Ospreys

Ospreys are Spectacular fish-eating birds of prey with a wingspan of nearly five feet. Find out more about Ospreys with our Osprey Fact File or check out the BBC’s Osprey web page.

Other Cumbrian bred Ospreys

As osprey numbers rise we can expect to see an increase in the number of pairs in Cumbria, although this is a slow process as only about 3 in 10 naturally survive to adult hood.

For the last 5 years YW, our 2008 male chick, has bred  successfully at Fowlshaw Moss, with broods of healthy chicks.

Another of our male chicks has been breeding in South Scotland for a number of years.

In 2010, one of the Bassenthwaite chicks from 2007 bred with another un-marked Osprey and laid eggs in South Cumbria but unfortunately none of the eggs hatched, not unusual for young inexperienced Osprey pairs. The pair were later seen on the coast nest building in late Summer, which is known as frustration behaviour, and often occurs after an unsuccessful breeding season.

An Osprey believed to be another Bassenthwaite chick from  2007 was seen regularly around the Thirlmere area during 2010 but since then there have been no sightings.

Osprey nestOther Great Places to See Ospreys

Cumbrian Ospreys History

In 2001 a pair of ospreys nested beside Bassenthwaite Lake and became the first wild osprey to breed in the Lake District for over 150 years.

The birds were encouraged to stay with the help of a purpose built nest provided by the Forestry Commission and the Lake District National Park. This was the culmination of several years of hard work. Ospreys had been summering in the Lake District since the mid 1990’s and in 2001 they started breeding, immediately adding sticks to the nest.

Once the eggs were laid, wardens kept a round the clock watch to prevent disturbance and deter egg thieves. Ospreys usually lay three eggs, which take about six weeks to hatch. The young stay in the nest for seven or eight weeks. In late summer, the adult female will migrate south, leaving the male to feed the youngsters until they master the art of fishing.

Bassenthwaite Lake is a National Nature Reserve, owned and managed by the Lake District National Park. Most of the surrounding woodland is managed by the Forestry Commission and provides valuable habitats for wildlife.

Threats

Although in the UK the osprey population doubled during the 1990s, and has steadily increased since then, with perhaps 300+ pairs now in the UK, ospreys remain the fourth rarest bird of prey in the UK. Their eggs are still at risk of being stolen by collectors and they are easily disturbed by human presence. If water quality deteriorates, a reduction in fish could have a dramatic effect on the number of young birds raised. Finally, as ospreys migrate, they are vulnerable to habitat changes across southern Europe and Africa, and risk being shot by hunters.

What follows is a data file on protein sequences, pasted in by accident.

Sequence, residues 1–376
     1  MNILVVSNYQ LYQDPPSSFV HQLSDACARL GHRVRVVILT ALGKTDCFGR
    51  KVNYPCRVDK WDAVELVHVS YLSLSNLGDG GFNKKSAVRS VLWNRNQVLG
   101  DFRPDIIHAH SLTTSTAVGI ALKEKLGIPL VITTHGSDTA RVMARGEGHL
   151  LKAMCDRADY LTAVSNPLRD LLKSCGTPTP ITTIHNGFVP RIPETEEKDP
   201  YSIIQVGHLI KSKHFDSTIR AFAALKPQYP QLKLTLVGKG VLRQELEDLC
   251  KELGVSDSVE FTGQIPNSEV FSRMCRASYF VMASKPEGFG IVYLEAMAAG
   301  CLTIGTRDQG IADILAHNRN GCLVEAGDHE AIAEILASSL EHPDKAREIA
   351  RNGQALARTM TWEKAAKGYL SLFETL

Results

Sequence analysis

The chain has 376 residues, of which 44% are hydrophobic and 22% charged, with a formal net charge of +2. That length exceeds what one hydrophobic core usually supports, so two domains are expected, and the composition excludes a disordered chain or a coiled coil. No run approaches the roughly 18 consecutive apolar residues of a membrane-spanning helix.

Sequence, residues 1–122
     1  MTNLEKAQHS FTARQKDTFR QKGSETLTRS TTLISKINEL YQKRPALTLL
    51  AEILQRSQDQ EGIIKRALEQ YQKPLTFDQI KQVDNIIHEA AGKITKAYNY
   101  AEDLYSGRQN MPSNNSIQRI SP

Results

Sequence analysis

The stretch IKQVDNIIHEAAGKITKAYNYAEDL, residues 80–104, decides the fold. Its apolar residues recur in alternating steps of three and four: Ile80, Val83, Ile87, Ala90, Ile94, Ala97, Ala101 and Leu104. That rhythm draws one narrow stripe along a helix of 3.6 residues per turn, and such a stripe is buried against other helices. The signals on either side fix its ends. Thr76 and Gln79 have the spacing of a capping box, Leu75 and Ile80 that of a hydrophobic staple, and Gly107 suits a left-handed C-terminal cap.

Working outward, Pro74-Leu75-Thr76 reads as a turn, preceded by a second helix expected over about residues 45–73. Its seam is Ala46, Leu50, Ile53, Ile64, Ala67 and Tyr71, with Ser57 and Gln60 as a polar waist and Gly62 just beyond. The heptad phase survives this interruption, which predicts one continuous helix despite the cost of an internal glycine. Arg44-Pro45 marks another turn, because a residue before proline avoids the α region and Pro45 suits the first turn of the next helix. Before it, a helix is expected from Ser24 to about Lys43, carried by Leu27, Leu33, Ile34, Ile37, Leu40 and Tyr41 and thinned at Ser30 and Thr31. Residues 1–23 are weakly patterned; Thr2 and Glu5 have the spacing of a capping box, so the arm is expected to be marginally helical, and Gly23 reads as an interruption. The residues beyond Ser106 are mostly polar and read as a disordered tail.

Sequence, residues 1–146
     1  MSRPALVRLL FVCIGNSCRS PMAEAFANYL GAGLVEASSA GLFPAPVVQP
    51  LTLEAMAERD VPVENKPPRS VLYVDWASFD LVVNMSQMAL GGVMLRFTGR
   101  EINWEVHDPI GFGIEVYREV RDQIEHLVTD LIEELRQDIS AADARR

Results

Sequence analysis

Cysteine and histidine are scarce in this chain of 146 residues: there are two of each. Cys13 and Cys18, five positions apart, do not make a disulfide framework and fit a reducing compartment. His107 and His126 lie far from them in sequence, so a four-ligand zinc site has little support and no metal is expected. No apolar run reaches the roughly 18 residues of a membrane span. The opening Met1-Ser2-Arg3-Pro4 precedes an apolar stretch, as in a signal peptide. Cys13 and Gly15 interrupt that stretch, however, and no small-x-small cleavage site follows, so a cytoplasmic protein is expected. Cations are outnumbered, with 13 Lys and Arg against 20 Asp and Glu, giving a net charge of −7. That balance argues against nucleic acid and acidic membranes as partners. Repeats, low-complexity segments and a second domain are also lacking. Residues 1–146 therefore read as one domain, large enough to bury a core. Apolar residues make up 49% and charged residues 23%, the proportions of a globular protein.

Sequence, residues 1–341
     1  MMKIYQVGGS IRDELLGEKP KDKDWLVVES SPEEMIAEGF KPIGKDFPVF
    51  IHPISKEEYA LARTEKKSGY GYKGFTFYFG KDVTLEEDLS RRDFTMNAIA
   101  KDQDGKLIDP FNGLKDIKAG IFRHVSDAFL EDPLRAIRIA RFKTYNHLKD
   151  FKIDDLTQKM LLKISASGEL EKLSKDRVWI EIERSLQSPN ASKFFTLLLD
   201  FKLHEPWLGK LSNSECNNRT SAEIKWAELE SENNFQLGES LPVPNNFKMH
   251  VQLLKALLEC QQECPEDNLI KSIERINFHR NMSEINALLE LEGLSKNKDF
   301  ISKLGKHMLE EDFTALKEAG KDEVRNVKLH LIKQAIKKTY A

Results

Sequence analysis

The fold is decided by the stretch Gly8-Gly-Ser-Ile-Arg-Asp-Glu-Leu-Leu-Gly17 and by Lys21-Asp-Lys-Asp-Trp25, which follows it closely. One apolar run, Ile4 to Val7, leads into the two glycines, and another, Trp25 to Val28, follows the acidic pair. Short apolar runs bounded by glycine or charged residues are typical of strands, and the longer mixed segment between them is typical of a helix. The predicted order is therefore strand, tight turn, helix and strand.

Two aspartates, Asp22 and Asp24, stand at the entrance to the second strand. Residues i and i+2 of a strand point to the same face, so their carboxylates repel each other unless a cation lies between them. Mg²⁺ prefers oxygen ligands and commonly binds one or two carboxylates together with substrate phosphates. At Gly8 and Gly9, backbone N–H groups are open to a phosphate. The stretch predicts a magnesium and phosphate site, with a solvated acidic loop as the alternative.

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Skimming over Sardinia

2020 Migration No 14   Sardinia

Suddenly, the map changes from Khaki to Indigo and Viridian; from colours of death and dehydration to the colours of life and good fishing.

No 14 has had a couple of nights of respite in Tunisia  and then made a very early start on the morning, Sat 28th March 2020, to get him across the 132 miles of the Mediterranean, sensibly island hopping to Sardinia. He arrived at 06.00 travelling at about 30kph at an altitude of 505 metres. (the first red dot on the Sardinia map.) Close to Lake /Largo de Malargia

Economic development of a country is usually detrimental to its wildlife but in Sardinia the advent of tourists has been most beneficial for passing ospreys. Previously this rocky island had only one large lake. This gave the authorities a challenge to find enough water for visitors to squander on drink, showers, and toilets. The result is a series of 57 dams, often with hydroelectric associated.

For example the Lago de Coghinos, dam, combines utility with a relatively new ‘green’ feature to help eels move up and down .

https://www.enelgreenpower.com/stories/a/2017/03/the-eel-friendly-dam

At 09.00am, at the second red dot, No 14 was flying at an elevation of 1,260 metres just below the highest point of the island, the mountain Punta la Marmora 1,834 m.  and he will have passed over Lake Coghinos soon after that- watch out eels!

A comparable program in the Lake District can be seen in the Ennerdale Valley with the efforts being made to re-instate the Arctic char and provide a way upstream to their gravel spawning grounds. From a handful of fish left in the early 2000’s their numbers have risen to over 300.

This 2014 video tells the first part of the story and features our own Wild Ennerdale Forestry Ranger, Gareth Browning. Hurray!

https://www.youtube.com/watch?v=GUGyi-ShrxY&feature=emb_err_watch_on_yt

It’s got to be, Sardines for tea.

No14 may be lucky and pick up an energy rich sardine by the coast this evening but they are generally found closer to the surface of the water, eating plankton in the warmer months.

Interestingly, sardines do not feature in the Sardinian’s top ten traditional cookery recipes. In the past the people were too busy avoiding the waves of Romans, Vandals, Byzantines, Barbarians, Saracens, Aragonese, Spanish, and Austrians, to live anywhere near their coasts.

However, try this for a taste of the Med. with a couple of tins of sardines from the cupboard.

  • Mix in a bowl – some oil from 2 tins of sardines with 1 minced garlic clove, 1 small chopped and fried onion, 1 tsp French mustard, 1/2 lemon juice, 1 tbs oregano/marjoram/sage/parsley – whatever’s growing. Pinch paprika, .
  • Place the sardines on a tray and roll/cover with mixture.
  • Cook in a 200C oven until sizzling.
  • Eat with new potatoes and roast fennel.

Ennerdale Water from the Dam

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